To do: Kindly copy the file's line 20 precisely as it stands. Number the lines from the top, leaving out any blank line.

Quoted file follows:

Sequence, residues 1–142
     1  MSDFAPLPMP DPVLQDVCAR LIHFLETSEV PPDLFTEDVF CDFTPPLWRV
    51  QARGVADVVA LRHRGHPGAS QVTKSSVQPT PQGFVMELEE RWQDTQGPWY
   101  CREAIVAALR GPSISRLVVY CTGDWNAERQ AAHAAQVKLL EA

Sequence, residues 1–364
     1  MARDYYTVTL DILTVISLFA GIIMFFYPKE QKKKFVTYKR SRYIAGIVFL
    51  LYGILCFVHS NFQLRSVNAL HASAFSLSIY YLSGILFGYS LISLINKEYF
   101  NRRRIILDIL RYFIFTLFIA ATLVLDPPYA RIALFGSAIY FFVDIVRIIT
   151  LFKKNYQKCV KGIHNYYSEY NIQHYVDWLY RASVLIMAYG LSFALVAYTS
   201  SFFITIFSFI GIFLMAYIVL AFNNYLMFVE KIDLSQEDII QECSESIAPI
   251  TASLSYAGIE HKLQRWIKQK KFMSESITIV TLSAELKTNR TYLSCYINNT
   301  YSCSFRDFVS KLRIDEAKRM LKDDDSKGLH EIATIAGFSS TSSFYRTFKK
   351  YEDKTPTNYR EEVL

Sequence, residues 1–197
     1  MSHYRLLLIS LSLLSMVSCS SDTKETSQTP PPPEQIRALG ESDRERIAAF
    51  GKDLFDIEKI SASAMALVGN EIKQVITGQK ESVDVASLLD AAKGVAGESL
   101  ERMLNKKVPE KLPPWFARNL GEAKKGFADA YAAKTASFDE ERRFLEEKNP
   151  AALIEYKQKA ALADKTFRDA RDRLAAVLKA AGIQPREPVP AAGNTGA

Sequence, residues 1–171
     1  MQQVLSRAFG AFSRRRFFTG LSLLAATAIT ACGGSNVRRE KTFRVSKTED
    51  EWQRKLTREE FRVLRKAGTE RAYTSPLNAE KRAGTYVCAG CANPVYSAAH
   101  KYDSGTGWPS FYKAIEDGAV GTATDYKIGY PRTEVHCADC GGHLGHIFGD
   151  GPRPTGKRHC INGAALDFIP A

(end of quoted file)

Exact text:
     1  MQQVLSRAFG AFSRRRFFTG LSLLAATAIT ACGGSNVRRE KTFRVSKTED